Hmm, i'd like to disagree a bit with you two. IMO, one big part of CSS is to separate style from content and let graphic designers do their thing without interfering with the use of the website. For instance, i can read these forums comfortably no matter what font size is specified in the CSS, because with Opera i turn off CSS with the click of a button and i get to read the text not only at my preferred size (all of p1r's text appear the same size to me), but also in my preferred font which is not one of the standard ones. But if i go to an artist's website, i turn CSS on because there, the design is more important than the text.
Once you style a web page, there's no way to keep everyone happy. Style the page for the majority of the users and let the rest read the page with styling off. Easy.
There are TWO parts to "Web design": graphic design and content / intraction. CSS is ALL about graphic design. HTML is the part that does the content and interaction. If you're bundling both together, you may want to rethink your approach.
Yeah, except it's too bad there's no straightforward way to specify in CSS that "this page has 3 columns, put element foo in column 1, element bar in column 2, ..." Instead we have to conjure a mess of divs, floats, margins and widths to create "columns", that may or may not work in your particular browser. Funny how people miss the basic shortcomings of CSS for all the badly implemented websites out there.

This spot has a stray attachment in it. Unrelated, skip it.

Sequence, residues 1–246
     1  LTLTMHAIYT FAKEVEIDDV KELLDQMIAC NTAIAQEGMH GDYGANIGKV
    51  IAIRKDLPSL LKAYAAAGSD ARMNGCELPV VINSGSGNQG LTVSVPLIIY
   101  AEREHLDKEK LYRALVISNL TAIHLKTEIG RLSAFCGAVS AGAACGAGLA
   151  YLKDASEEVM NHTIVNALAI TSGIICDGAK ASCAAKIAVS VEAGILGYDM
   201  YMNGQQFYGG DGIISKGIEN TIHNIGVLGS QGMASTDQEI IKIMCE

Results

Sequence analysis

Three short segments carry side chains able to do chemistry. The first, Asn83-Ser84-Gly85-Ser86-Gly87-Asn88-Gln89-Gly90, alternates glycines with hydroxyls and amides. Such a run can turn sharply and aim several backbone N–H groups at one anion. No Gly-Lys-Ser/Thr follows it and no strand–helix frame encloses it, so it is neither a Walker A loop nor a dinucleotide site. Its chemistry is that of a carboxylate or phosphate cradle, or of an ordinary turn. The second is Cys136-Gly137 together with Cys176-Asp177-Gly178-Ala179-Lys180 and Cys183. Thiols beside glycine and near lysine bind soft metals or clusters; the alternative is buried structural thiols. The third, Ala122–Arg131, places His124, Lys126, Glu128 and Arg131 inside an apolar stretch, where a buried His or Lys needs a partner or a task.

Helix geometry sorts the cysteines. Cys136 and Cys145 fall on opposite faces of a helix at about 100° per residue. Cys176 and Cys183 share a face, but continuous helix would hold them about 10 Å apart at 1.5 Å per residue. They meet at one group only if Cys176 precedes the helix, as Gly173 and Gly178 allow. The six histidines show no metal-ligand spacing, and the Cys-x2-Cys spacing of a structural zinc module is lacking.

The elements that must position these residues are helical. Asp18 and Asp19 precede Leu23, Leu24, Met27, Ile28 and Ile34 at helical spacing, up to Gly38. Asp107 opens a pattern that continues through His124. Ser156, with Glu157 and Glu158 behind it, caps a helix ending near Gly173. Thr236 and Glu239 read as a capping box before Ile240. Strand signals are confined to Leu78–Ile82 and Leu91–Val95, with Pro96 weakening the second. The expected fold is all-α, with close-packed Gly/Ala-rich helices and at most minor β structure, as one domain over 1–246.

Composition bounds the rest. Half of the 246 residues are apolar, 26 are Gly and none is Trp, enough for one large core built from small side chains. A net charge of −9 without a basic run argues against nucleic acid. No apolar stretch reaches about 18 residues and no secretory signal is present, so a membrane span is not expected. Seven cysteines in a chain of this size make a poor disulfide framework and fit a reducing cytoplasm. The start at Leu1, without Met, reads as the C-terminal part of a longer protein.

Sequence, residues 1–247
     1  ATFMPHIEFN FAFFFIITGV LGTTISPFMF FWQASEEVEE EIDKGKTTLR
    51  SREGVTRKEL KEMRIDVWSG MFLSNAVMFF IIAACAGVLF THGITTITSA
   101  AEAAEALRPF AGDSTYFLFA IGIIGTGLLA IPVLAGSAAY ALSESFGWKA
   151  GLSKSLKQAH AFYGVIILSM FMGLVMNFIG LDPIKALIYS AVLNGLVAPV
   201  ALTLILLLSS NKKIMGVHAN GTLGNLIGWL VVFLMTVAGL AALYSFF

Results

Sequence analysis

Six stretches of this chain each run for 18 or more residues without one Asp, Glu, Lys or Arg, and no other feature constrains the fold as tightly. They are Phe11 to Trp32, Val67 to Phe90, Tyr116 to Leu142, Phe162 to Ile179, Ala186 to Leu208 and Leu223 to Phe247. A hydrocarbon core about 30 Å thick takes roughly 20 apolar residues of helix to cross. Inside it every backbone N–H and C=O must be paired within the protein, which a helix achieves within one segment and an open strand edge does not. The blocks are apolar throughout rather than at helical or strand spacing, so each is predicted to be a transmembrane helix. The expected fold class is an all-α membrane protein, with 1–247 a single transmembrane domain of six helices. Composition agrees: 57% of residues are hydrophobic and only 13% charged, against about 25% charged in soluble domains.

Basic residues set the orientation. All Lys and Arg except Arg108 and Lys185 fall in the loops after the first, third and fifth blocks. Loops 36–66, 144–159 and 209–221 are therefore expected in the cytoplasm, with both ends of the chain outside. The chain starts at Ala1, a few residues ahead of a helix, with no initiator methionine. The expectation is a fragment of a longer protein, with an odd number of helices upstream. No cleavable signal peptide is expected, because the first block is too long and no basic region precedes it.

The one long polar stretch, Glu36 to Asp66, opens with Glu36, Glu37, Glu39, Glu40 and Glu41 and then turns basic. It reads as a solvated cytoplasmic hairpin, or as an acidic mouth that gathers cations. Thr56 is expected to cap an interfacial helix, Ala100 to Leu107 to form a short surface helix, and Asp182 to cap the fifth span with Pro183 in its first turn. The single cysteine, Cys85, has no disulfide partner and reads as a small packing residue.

Usability maybe, but typographic/graphic design has nothing to do with accessibility. If someone can't use a website with the author's styling, they should simply turn it off.
This is all you need to do: develop your page without CSS and with images off. Congrats, you now have an accessible website. Now add CSS, go crazy, who cares if it's not totally accessible, just make sure it's still usable. Done.
If you still want your styled website to be accessible, use standard class names and publish these on your website so that users can override the parts they don't like through their local CSS file.